Assumption Education transformed lives
The Assumption sisters initiated a project to make a difference to the families at Kawangware in Nairobi (Kenya). The idea behind the project was to educate, empower and develop the talents of young women in the slums who hopefully will be a light in their own spheres to transform them. The opportunity of being close to the poor has been a blessing and grace in achieving this educational goal. Kawangware is one of the biggest slums in Nairobi that has grown so fast since early year 2000. The sisters’ convent is surrounded by slums. In a research we made, we came up with possible educational approaches :
We finally decided to initiate a weaving project for women that would incorporate the rest of the educational approaches we felt would facilitate in changing the moral life of the people in the slums. This project has gradually been taking root. Since 6th
of April 2009 to 3rd
December 2010, we have received three groups of trainees. The name of the group is “Uwezo Ninao Weavers”
. A swahili phrase which means “I-have-the-ability Weavers”. This name was given to the centre by the second group after a discussion. The selection of the trainees for the first and second groups was done through interviews. Only two out of each group persevered to the end and acquired skills to weave several things.
The intake of the third group was announced in the parish church and the success of this group was due to :
Daily attendance at training classes, Monday to Friday
Strong will power for a better personal and family life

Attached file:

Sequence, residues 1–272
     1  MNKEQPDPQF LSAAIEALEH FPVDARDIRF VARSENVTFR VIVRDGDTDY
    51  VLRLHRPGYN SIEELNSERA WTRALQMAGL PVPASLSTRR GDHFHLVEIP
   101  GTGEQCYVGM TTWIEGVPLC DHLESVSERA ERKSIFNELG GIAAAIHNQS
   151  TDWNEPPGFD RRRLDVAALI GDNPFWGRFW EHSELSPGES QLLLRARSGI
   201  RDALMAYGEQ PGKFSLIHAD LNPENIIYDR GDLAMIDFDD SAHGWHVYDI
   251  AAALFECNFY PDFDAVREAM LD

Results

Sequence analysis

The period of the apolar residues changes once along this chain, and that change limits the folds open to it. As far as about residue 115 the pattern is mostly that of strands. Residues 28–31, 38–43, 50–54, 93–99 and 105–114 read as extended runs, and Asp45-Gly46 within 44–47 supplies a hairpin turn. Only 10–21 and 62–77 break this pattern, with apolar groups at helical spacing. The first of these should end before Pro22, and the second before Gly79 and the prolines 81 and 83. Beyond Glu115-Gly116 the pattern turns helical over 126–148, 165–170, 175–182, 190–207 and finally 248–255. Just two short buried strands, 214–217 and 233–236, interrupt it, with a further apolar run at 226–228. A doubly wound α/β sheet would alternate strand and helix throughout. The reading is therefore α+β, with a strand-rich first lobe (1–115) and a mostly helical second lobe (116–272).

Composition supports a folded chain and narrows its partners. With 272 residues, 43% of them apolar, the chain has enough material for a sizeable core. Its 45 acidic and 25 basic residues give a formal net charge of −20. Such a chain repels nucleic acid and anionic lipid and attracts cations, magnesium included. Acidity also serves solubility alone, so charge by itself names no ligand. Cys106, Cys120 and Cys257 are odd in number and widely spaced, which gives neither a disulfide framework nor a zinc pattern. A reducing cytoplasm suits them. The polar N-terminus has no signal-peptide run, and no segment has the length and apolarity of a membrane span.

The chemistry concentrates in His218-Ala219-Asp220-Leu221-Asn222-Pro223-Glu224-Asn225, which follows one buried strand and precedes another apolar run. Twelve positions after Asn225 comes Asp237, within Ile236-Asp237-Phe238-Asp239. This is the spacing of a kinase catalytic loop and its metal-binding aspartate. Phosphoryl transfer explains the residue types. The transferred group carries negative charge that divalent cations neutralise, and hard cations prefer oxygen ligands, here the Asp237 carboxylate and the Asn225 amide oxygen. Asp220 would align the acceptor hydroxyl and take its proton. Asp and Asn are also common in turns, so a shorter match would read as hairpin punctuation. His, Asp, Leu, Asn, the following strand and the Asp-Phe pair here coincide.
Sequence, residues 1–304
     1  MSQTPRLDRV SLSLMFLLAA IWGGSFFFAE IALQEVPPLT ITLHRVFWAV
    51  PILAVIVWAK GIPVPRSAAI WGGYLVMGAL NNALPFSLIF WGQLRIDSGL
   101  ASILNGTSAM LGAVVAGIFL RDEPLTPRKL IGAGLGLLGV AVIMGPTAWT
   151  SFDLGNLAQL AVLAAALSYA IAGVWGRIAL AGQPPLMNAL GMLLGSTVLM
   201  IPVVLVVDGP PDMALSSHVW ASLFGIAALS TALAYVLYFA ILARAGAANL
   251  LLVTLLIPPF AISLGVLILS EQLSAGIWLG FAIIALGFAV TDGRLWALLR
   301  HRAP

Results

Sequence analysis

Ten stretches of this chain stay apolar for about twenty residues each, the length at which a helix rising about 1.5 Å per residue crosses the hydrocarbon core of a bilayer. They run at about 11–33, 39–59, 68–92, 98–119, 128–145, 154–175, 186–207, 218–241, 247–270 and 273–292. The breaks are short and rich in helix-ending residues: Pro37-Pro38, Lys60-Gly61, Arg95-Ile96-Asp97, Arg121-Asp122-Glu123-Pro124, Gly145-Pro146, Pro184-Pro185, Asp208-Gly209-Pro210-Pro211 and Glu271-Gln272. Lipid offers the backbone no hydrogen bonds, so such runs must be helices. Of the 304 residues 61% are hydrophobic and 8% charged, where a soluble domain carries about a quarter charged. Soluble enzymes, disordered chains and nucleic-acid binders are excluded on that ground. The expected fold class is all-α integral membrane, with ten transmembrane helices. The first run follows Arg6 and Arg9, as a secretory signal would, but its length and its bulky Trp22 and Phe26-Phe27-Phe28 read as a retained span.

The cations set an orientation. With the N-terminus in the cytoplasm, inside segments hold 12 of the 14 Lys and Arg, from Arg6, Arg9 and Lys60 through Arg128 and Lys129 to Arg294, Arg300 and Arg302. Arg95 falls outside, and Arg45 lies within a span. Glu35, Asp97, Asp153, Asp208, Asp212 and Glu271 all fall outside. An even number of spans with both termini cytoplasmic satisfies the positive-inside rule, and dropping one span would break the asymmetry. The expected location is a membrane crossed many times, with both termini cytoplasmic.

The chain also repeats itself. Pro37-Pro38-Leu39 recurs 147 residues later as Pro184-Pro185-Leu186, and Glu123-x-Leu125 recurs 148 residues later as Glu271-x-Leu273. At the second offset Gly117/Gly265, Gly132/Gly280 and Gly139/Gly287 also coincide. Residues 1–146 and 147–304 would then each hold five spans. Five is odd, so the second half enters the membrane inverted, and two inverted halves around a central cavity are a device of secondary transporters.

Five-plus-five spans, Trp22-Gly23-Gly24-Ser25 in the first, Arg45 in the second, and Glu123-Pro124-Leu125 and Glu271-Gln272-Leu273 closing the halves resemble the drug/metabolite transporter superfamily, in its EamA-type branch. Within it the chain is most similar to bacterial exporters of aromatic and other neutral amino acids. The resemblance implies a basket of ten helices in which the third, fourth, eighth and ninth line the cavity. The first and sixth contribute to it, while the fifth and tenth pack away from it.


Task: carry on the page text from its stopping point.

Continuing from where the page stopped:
Display of some of the products during the announcements in the parish
Gradual realization of the women that they are capable and do have potential.
Within a period of two weeks the women were full of excitement to see what their own hands had made. Each one was amazed to see how the floor mats with different patterns came about. Each trainee kept the floor mat she had made as a souvenir of the work of her own hands. As they progressed to making table mats, kikoy, fabric dying and screen printing, they grew in self esteem and confidence. A sense of belonging to the group and self appreciation also developed in them. They were no longer strangers to one another but had formed a family and worked as a team. The absence of one of the members was a concern for all and this ended in a sharing of their family struggles. This opened a kind of informal education through the sharing of their lived experiences as they did the weaving. It is amazing to see how such sharing built trust among them and gave them new ways of looking at family issues, greater self respect and a deep desire to change for the better. The group “Uwezo Ninao Weavers”
lived up to its name.
On 3rd December 2010, two trainees of the first group, two from the second group joined the seven of the third group, eleven in all for a ceremony during which they received certificates of confirmation of their weaving training. It was a high moment of their life. The women expressed their joy singing, dancing kissing their certificates, patting themselves, etc. Their remarks speak of hope for a new life :
“I was delighted to work in such a group”
“I was stressed for a long time but now I am happy to have met friends who have healed me”
“This project is a God-given gift for women”
“The group and the sisters have changed my life to be a better woman and mother”
“True acceptance by my companions made me change step by step for the better”
Transformative education is possible in our small spheres and is a true empowerment for many. One of these women exclaimed “We did not only receive the training, but we were healed in many ways.”
It also broadened their minds. We brought them to meet with other women’s groups on occasions like Women’s Day, exhibitions, etc. were they interacted with others and learned from them.
Sr. Nancy Nyawira, ra